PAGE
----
Great Test-pectations

Much of this week’s education attention has been focused on the CEP’s findings that No Child Left Behind is indeed effective.  Though many have gone out of their way to mitigate the findings, offer up alternative explanations, discount the impact, or generally change the fact, one thing is certain.  NCLB does work.  In those states where CEP found student achievement gains, there is only one common denominator — all of those states have made NCLB-based reforms.  NCLB may not be the only reason for the successes, but it is undoubtedly a major driver behind the improvement.

More interesting, though, was Ledge King’s piece (with an assist from Greg Toppo) in USA Today, looking at the broad discrepancies of testing benchmarks across the states. 

At the very heart of NCLB was the commitment that every American student deserved the opportunity to succeed.  That was how the law was marketed.  Regardless of race or income or neighborhood, every student is afforded the opportunity to learn, to achieve, and to succeed, both in and beyond their K-12 experience.

But in the Gannett analysis, King finds that such an opportunity is still a goal, and not necessarily a reality.  The beauty of federal education reform is that measures of achievement and success are expected to be uniform.  Instead, as King reports, we see that reading achievement in Mississippi versus achievement in Massachusetts couldn’t be more different.  And those differences are going to be even more acute when it matters — in postsecondary education and in the workplace.

Perhaps that’s part of the problem.  Even for those in the know, NCLB is perceived as an elementary school law.  With its focus on elementary school reading and middle school assessments, it is seen as far more Click, Clack, Moo than The Sun Also Rises.  An unfair focus, sure, but public perception is the new reality.

The thousand-dollar question is how do we take what we know from CEP and others and use it to address the problems that King has identified.  The answer is an easy one.  It may not be one that Secretary Spellings is particularly fond of, but the single greatest way to truly level the playing field and fulfill NCLB’s mission of providing all students an opportunity for success is found in two simple words — national standards.

At the end of the day, student proficiency is student proficiency.  Achievement should not have a geographic accent.  It shouldn’t be mitigated by per-pupil spending ratios.  It shouldn’t be defined by the lowest common denominator.  And it surely shouldn’t be disaggregated away.  Achievement is achievement.  Success is success.  It doesn’t matter if it the MCAS, the SOL, NAEP, or any other single assessment tool.  Student proficiency needs to be a common, universal measure.  It is the only way we can ensure every American student is reading at a proficient level in the fourth grade, prepared for the rigors of our changing high schools, and ready for the opportunities available in either postsecondary education or career.  If education is the great equalizer, its measures of that education need to be equal.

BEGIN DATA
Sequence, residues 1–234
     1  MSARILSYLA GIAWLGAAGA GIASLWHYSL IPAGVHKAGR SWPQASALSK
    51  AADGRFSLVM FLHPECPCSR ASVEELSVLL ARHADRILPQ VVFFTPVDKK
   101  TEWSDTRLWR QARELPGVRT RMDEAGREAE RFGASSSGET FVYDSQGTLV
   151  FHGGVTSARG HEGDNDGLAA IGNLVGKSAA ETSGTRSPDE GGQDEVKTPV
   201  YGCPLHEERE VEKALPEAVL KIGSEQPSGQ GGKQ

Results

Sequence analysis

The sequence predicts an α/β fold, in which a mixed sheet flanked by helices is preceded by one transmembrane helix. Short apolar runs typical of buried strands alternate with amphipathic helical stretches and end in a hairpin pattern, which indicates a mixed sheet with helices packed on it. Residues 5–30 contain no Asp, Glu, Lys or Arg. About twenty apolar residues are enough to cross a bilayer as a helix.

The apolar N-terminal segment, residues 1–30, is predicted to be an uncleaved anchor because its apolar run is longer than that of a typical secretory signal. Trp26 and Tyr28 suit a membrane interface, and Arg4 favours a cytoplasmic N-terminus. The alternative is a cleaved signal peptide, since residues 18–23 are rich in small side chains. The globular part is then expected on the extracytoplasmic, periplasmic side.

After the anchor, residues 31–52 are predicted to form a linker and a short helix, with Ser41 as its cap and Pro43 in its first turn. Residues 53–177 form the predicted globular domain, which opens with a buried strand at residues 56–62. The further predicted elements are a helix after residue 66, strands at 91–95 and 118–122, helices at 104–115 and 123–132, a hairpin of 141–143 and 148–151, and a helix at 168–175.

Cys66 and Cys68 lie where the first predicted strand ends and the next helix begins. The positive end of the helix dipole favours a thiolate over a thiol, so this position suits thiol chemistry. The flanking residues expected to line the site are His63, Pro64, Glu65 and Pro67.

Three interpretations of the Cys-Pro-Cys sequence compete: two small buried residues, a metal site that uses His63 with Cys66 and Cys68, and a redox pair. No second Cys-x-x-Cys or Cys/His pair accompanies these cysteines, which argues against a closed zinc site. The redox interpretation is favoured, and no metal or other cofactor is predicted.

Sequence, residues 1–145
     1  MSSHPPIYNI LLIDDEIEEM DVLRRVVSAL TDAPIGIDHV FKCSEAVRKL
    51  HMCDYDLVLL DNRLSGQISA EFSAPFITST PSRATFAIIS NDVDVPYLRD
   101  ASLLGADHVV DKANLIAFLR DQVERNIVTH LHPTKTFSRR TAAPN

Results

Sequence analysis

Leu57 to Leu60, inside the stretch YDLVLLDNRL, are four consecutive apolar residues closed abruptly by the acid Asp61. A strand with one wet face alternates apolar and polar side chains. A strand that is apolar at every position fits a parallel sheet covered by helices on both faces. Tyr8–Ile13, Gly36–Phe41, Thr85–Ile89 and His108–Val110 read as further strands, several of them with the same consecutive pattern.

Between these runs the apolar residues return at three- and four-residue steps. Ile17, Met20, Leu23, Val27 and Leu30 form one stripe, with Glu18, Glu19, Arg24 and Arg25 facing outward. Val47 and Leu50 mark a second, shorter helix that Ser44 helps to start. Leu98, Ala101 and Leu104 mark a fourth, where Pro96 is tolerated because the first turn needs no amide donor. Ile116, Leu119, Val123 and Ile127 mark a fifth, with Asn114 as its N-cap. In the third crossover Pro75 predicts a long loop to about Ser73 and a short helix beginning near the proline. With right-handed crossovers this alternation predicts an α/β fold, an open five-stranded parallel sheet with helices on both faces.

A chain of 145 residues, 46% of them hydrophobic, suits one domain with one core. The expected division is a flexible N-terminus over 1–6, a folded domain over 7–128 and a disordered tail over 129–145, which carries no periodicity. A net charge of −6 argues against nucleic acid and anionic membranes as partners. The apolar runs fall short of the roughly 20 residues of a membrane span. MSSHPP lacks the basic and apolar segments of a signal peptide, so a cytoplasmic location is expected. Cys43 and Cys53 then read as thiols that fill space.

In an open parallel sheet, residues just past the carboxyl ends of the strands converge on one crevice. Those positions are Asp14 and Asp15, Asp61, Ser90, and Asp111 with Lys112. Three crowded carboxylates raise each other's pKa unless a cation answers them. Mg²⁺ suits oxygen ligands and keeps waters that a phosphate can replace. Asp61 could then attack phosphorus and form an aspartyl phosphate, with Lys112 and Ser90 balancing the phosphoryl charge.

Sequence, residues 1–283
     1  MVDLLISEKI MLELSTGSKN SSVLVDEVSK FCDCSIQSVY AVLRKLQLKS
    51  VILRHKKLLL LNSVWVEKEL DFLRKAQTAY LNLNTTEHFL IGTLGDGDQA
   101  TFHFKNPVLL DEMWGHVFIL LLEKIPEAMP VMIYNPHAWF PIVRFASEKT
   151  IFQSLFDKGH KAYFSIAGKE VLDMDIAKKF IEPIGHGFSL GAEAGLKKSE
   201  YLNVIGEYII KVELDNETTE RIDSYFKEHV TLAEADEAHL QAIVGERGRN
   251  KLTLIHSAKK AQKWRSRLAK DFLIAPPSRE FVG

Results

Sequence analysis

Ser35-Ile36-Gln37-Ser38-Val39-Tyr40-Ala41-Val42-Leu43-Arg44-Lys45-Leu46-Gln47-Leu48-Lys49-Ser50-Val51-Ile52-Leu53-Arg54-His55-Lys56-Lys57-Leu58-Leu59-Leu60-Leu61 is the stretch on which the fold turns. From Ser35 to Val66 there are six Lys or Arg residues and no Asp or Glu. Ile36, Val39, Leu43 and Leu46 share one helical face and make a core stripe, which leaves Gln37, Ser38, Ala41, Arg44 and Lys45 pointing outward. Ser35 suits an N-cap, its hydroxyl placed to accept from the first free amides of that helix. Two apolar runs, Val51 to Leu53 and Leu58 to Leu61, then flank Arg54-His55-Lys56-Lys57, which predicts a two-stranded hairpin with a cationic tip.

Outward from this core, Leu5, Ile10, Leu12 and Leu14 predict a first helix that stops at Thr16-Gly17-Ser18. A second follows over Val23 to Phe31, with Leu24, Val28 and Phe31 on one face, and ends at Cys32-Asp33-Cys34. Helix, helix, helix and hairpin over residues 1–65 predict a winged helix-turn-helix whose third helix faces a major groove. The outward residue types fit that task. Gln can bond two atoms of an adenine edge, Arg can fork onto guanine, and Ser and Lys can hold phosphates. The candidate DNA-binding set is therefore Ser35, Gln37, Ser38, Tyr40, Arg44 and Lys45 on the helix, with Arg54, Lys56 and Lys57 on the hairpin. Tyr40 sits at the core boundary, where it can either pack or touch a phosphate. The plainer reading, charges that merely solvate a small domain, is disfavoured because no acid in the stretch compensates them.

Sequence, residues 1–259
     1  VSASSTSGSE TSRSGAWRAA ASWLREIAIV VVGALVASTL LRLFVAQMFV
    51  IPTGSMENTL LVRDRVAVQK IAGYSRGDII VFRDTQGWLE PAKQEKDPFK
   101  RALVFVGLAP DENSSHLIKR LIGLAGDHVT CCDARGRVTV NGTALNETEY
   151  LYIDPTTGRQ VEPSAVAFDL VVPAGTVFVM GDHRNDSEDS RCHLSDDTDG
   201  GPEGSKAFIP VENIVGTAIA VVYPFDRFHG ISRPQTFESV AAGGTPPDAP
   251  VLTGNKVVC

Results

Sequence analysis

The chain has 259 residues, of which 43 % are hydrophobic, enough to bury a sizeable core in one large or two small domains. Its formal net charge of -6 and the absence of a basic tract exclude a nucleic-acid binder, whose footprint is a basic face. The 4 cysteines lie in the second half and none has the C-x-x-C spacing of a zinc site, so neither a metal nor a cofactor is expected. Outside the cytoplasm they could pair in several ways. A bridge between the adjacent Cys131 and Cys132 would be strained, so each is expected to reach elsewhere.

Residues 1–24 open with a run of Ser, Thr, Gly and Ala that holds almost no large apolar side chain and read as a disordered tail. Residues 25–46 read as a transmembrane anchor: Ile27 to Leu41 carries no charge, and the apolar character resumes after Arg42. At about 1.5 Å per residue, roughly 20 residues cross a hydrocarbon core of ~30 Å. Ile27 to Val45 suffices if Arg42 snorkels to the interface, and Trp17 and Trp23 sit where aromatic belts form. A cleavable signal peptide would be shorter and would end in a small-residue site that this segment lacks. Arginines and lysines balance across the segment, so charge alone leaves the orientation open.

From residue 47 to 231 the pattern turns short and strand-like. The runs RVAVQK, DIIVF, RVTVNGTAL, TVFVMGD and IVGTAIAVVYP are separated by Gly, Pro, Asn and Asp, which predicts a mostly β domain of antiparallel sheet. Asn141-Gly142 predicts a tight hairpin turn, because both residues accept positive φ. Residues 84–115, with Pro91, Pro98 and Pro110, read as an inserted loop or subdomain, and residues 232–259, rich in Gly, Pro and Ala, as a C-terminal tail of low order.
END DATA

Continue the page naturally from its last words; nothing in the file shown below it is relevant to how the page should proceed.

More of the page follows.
That’s how one effectively sells national standards to the teachers and parents who are skeptical of the federal government’s ability to effectively implement and manage meaningful education reforms.  We don’t want to hear about statistical analyses, variations, and experimental models.  We want to know that if our kid is deemed proficient in reading, that means he is able to read at the same level as an average fourth grader in Oregon, Arizona, Massachusetts, and Mississippi.  When she gets a B in Algebra II, we expect that a B in our school equals a B in LAUSD, Chicago, Dallas ISD, or DC Public Schools.  We might not say it, but we assume our children meet a common standard when their academic abilities are assessed.  And we depend on it, believing those assessments mean our children are able to keep up with any student in college or compete with any graduate for a job.

So how do we talk about it?  At the end of the day, national standards are borne out of national policy.  NCLB is that policy.  Thanks to CEP, EdTrust, and a number of other education organizations, we have our messaging.  It works.  NCLB works.  National education reform works.  Reading First works.  Scientifically based education works.  Results-based teacher training and instruction works. 

It works because it is effective.  It works because it generates results.  It works because it established a national standard for teaching and learning.  And we can now see it working in states, districts, schools, and classrooms just like those in our neighborhood.  No getting around it — NCLB works.

And that’s the marketing slogan.  That’s the soundbite.  That’s the bumper sticker.  NCLB works.  Data proves it.  Teachers and administrators and parents and students have embraced it.  Curriculum and professional development has been built around it.  Critics have tried to tear it down for five years, to little avail.  And you know what, NCLB still works.

The general communications mantra is to keep it simple, and it just doesn’t get any simpler than that.  The law is effective, and there is the data and the emotional connection in classrooms around the country to prove it.  Now ED just needs an effective messenger to deliver it.  How hard can that be?    

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